Under the pleadings the plaintiff made out a prima facie case by producing the note. The order of proof is thus stated in the case of Millard v. Barton, 13 R.I. 601, 610: "In the order of trial the plaintiff first produces his note, and, the signature not being denied, may rest his case. If the signature is his (defendants), it is prima facie evidence that the whole instrument is genuine. Then the defendant may put in evidence to prove fraud, c., in the inception of the note. The plaintiff, in all those cases where the note would be valid in the hands of a holder for value, must then show that he is such and that he took it in good faith. And he may be required to show the circumstances under which he took the note, as bearing upon this point." This rule is followed in the cases of Mumford v. Weaver, 18 R.I. 801; Third National Bank v. Angell, 18 R.I. 1; Hazard v. Spencer, 17 R.I. 561; see also Bank of America v. Senior, 11 R.I. 376, and Atlas Bank v. Doyle, 9 R.I. 76. It is provided in Section 65, Chapter 200, Gen. Laws, 1909, that every holder is deemed prima facie to be a holder in due course; section 30 states that a valuable consideration is presumed; and section 34 provides that absence or failure of consideration is a matter of defense as against any person not a holder in due course.
Complying with these rules, the plaintiff testified on direct examination that he was the holder of the note; that he acquired ownership of it about February 25, 1914; and that he turned it over to his attorney, Mr. Bolan, for collection a day or two afterwards. On cross-examination he testified that he never saw Mr. Ball nor Mr. Miller about the note, and then he was asked, "At the time you received this note you knew that Ball and Miller refused to make payment on it, did you not?" Plaintiff's objection to this question was sustained and its exclusion is the reason for the defendant's first exception.
The trial justice sustained the objection because the question was not in cross-examination of any matters testified to by the witness on direct examination. The general rule is that the cross-examination is confined to such matters as have been gone into on the examination in chief. McKelvey on Ev., Sec. 258; 40 Cyc. 2500. This rule was followed in the case of Mohr v. The Prudential Ins. Co., 32 R.I. 177, 182, wherein the court sustained the ruling of the trial justice excluding questions which were not properly in cross-examination of matters as to which the witness had testified on direct examination.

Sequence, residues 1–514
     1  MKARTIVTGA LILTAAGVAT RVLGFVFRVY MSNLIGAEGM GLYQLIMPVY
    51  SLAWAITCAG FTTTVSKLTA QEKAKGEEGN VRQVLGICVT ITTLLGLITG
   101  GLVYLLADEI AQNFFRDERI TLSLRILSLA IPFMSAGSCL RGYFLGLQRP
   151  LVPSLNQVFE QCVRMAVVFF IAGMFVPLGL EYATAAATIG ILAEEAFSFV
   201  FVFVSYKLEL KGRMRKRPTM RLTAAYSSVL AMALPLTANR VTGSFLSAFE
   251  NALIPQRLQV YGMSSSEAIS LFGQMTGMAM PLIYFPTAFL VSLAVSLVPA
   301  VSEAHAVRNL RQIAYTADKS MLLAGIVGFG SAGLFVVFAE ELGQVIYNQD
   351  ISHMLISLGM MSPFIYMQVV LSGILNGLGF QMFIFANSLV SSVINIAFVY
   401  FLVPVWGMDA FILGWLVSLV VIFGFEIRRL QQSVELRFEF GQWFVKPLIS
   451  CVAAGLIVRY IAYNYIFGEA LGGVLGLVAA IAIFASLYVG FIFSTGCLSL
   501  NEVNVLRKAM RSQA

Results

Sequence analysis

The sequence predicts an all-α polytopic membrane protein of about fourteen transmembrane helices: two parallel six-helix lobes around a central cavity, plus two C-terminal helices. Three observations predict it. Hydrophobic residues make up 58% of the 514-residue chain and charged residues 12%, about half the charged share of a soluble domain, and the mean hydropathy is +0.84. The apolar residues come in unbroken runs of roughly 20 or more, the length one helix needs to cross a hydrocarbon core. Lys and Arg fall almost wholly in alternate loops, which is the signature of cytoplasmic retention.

In the case of Guckian v. Newbold, 23 R.I. 553, the court held that it was irregular to permit the defendant to cross-examine the plaintiff's witness upon the consideration of the note when he had been offered simply to prove the signature and endorsement of the note in suit.
In Youmans v. Carney, 62 Wis. 580, it was held that as the direct examination of the payee of the note was confined to the genuineness of the note it was not error to exclude cross-examination as to the consideration.
The scope and extent of the cross-examination is, to some extent, in the discretion of the trial justice, and in this case we cannot say that he was in error in excluding the question because later in the trial both defendants testified that they told Mr. Kendall, the payee of the note, that they would not pay it; and Mr. Kendall, called as a witness for the plaintiff in rebuttal, testified that the defendants never refused to make payment of the note and he was cross-examined at length by the defendant's attorney. The exception is overruled.
The second exception is to the admission in evidence of a copy of a letter written by the plaintiff's attorney, Mr. Bolan, to the defendant Ball. The defendants claim that this letter is self-serving evidence and that the copy of the letter was not admissible as notice had not been given them to produce the original letter. Mr. Bolan had testified that he had called at the place of residence of the defendant Ball twice without being able to see him and that he then wrote a letter to him stating this fact and demanding payment of the note. The witness testified that he could not remember when he called at Mr. Ball's residence and the letter was admissible for the purpose of fixing the time when the demand was made. The letter contains no statements prejudicial to the defendants which were not testified to by the witness Bolan and, therefore, it is not within the rule excluding self-serving evidence. It appears from the record that, at a previous trial of the case, the same copy of the letter was introduced in evidence. The defendants do not claim that they were surprised by its production and later in the trial the defendant Ball admitted that he had received the original letter. The exception is overruled.